President Reagan is perhaps the foremost advocate of voluntarism--the belief that if Americans are left to their own devices, they will find solutions to the ills that afflict society. He recently established a commission to encourage it in the private sector.
In some areas of the society, no doubt, voluntarism packs potential as an agent of change. But in health care, a four-year national experiment with voluntarism as the chief weapon against soaring costs has proven a failure.
The proof was well documented by the principal advocates of voluntarism in the health sector--the American Hospital Association, the American Medical Association and the Federation of American Hospitals--at a recent public hearing. These private interests created the "Voluntary Effort to Contain Health Care Costs" in late 1977 when they faced the prospect that President Carter's hospital cost-containment legislation would impose mandatory controls.
The voluntary effort began with promise. During 1978 and 1979, while Congress debated Carter's legislation, the voluntary effort substantially met or exceeded the major goals that it set in December 1977. These early successes formed the basis for the most persuasive argument used against Carter's hospital-cost bill on the day in November 1979 when the House killed it.
Once the threat of government action died, however, the exhortations of the voluntary effort proved no match for the powerful economic incentives that relentlessly drive the health-cost spiral.
Once before in the 1970s, after the demise of President Nixon's economic stabilization program, a similar phenomenon occurred. Addressing this issue Dec. 15 while testifying before the House Energy and Commerce subcommittee on health and the environment, John Alexander McMahon, president of the American Hospital Association, said: "I think in the short run, very clearly, we got the attention of the hospitals and the physicians to hold the line, and they did. However, they did it more, it looks like, out of some postponement of things than would have otherwise been the case . . . then came this constant hammering . . . the pressures on the demand side were stronger than our preachments."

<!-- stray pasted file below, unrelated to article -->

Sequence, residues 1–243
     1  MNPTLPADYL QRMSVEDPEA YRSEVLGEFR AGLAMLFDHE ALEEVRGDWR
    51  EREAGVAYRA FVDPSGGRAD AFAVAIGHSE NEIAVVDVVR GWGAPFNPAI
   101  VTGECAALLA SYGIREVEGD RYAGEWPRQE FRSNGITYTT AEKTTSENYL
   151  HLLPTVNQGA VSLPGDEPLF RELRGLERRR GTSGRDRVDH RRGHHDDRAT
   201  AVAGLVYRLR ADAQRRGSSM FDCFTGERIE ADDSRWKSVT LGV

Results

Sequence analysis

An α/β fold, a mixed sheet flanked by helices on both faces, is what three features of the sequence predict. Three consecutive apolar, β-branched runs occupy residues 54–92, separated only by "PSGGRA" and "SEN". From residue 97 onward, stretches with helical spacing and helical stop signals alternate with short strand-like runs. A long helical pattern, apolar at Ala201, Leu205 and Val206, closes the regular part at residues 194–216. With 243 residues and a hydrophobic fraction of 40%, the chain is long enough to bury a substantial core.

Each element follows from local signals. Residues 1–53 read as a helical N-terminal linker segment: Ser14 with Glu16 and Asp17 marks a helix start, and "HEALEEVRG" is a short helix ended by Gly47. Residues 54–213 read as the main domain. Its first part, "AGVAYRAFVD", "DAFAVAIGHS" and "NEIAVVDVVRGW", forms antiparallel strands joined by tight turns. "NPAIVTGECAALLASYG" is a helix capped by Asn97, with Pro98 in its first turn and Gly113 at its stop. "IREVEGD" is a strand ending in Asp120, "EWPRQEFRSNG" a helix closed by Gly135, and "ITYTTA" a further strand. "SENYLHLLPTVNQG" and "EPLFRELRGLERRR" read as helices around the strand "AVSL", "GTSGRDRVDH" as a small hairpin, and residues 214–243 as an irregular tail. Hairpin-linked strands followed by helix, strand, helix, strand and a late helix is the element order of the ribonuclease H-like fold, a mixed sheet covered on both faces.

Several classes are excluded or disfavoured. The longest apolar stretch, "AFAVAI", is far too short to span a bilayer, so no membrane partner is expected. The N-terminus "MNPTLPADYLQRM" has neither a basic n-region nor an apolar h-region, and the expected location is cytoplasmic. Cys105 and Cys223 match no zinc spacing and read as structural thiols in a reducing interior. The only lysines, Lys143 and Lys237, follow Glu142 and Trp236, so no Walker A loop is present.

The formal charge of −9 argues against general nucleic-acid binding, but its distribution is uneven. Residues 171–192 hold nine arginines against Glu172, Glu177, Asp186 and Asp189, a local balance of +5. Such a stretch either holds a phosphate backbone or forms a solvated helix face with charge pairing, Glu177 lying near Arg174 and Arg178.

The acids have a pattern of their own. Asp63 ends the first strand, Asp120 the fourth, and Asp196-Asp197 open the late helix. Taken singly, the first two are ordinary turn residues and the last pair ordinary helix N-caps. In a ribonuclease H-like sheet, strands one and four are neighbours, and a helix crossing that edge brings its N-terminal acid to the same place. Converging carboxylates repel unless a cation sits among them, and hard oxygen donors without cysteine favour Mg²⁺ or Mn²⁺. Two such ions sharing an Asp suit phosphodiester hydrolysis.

In 1980, total national health expenditures totaled $247.2 billion-- $1,067 for every man, woman and child in America. In a single year from 1979 to 1980, total health spending rose 15.2 percent, the sharpest increase in any year over the 50-year period for which statistics have been compiled. And the 1981 increase will be greater than 15.2 percent. In other words, at a time when the general economy is slowing, medical-care costs are rising at an unprecedented rate.
The record of the voluntary effort fell shortest in moderating hospital cost increases. In 1979, hospital costs exceeded the industry's goal by 1.8 percent. In 1980, the hospital industry's performance was 5 percentage points above its own voluntarily established goal. In 1981, the voluntary effort set a goal of simply lowering the 16.8 percent increase registered the year before. Through the first nine months of 1981, hospital in-patient expenses climbed at an annual rate of 18.8 percent.
Taking the voluntary effort to task, Karen Davis, a professor of economics at Johns Hopkins University who was a deputy assistant secretary of health and human services in the Carter administration, testified Dec. 15: "In short, the hospital industry has broken promise after promise--failing to meet even modest targets. Instead, hospital costs have skyrocketed since Congress took the voluntary effort at its word and dropped action to impose mandatory controls."
The need for compulsion in some form seems the inevitable conclusion from this failure of voluntarism, unless society suddenly decides that medical care is so valuable that no limits should be placed on its cost. Clearly, there is no consensus on what form compulsion might take. The anti-regulatory mood of the country makes it highly unlikely that Congress would approve anytime soon something similar to Carter's hospital cost-containment legislation.
The Reagan administration seems to favor development of a health-care model based on marketplace principles. But Reps. Richard A. Gephardt (D-Mo.) and Edward R. Madigan (R- Ill.), both advocates of the marketplace model, suggested at the Dec. 15 hearing that short-term regulatory steps would have to be taken first to stem the cost spiral.
In whatever direction the system ultimately moves, it seems time to declare dead as the prime policy choice a reliance on voluntarism to check health costs that are squeezing government budgets and corporate profits.